Firstly, the liquid chromatographic separation between our two initial compounds (OTA and ZEA) was investigated by injections of a standard solution, containing both analytes, at a concentration level of 15 μg L1. Figure 3 depicts the obtained results (from A to D), through which the improvements obtained in the resolution, analysis time, as well as a reduction in peak band broadening, can be seen. In this case, the progress is attributed to the chromatographic parameters that were modified between these injections. The trace (A) in Figure 3 was conducted in isocratic mode using a mobile phase composition of ACN:H2O (30:70, v/v), without being acidified. This isocratic elution mode can explain the higher elution time observed in this case. As it is known, electrospray ionization (ESI, in this case operating in positive mode) can be highly influenced by the pH or the presence of matrix interferents. Thus, the weak signal observed for ZEA (a small peak near 6 min) could be improved by decreasing the pH and favoring ionization, as observed in Figure 3B, where the ZEA signal was enhanced by the addition of 0.1% formic acid on both mobile phases. Additionally, the reduction in the retention times could be attributed to the use of the elution gradient instead of isocratic mode. The following step consisted of improving the resolution between the peaks, as well as fixing the subtle break on top of the OTA peak (Figure 3B,C). For this purpose, the mobile phase flow rate increased from 8 μL min1 to 10 μL min1 to diminish the peak width, while an elution gradient that was steeped less was applied to maintain the separation between the ZEA and OTA. Finally, the chromatogram showed in (D)  was achieved by keeping the mobile phase flow rate at 10 μL min1. Additionally, the formic acid percentage was increased to 0.5%, and the elution gradient was slightly modified by enhancing the ACN percentage, while decreasing the gradient steepness curve (Figure S3, Supplementary Materials).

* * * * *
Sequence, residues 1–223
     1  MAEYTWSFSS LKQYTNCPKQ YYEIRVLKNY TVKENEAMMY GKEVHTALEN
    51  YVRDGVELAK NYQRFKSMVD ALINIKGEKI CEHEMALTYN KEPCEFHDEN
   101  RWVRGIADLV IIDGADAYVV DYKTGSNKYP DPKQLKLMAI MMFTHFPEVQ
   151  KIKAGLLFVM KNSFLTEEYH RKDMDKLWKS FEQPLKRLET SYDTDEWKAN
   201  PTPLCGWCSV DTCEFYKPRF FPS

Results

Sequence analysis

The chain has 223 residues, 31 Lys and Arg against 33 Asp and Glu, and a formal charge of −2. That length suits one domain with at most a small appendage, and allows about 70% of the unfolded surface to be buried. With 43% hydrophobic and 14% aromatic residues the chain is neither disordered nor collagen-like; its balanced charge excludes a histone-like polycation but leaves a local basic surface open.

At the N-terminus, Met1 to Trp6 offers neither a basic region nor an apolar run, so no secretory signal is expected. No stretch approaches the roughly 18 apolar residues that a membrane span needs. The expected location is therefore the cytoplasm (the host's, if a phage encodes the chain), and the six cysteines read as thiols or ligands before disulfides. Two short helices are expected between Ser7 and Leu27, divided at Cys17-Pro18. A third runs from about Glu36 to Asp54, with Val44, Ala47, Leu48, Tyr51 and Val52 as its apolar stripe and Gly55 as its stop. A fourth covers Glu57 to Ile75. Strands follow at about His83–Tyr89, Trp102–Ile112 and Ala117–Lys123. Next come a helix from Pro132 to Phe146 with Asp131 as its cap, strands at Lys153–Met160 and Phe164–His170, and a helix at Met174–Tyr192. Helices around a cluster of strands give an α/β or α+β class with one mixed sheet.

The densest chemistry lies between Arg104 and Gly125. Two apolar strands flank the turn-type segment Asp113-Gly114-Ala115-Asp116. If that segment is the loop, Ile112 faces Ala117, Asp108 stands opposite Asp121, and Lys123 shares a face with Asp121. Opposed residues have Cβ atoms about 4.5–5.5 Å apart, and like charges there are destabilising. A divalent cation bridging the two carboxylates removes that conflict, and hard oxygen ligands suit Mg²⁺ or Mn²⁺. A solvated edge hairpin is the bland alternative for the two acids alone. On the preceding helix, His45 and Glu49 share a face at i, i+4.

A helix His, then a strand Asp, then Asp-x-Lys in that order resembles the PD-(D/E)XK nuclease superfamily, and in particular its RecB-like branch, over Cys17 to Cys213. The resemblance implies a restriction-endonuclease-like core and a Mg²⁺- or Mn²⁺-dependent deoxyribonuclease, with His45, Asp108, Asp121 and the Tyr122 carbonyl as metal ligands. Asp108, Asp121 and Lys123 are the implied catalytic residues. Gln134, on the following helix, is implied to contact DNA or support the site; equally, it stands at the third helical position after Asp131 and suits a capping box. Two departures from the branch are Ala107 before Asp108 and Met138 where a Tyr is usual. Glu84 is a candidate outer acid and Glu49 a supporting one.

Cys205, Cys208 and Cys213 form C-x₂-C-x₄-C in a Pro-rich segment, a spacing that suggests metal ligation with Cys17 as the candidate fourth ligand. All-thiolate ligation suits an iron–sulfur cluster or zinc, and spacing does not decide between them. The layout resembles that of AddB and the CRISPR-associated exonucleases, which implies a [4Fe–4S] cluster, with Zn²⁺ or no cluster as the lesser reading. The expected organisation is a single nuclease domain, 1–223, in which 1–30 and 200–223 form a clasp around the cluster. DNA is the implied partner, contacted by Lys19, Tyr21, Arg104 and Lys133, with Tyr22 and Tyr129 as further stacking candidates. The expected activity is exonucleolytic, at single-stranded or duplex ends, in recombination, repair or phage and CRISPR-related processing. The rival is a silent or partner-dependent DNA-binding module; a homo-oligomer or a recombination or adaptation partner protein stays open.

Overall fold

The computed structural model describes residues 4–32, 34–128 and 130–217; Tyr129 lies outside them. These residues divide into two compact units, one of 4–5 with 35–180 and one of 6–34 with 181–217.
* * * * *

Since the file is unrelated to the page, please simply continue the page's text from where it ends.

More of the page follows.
2.2.2. The Fully Automated Extraction Procedure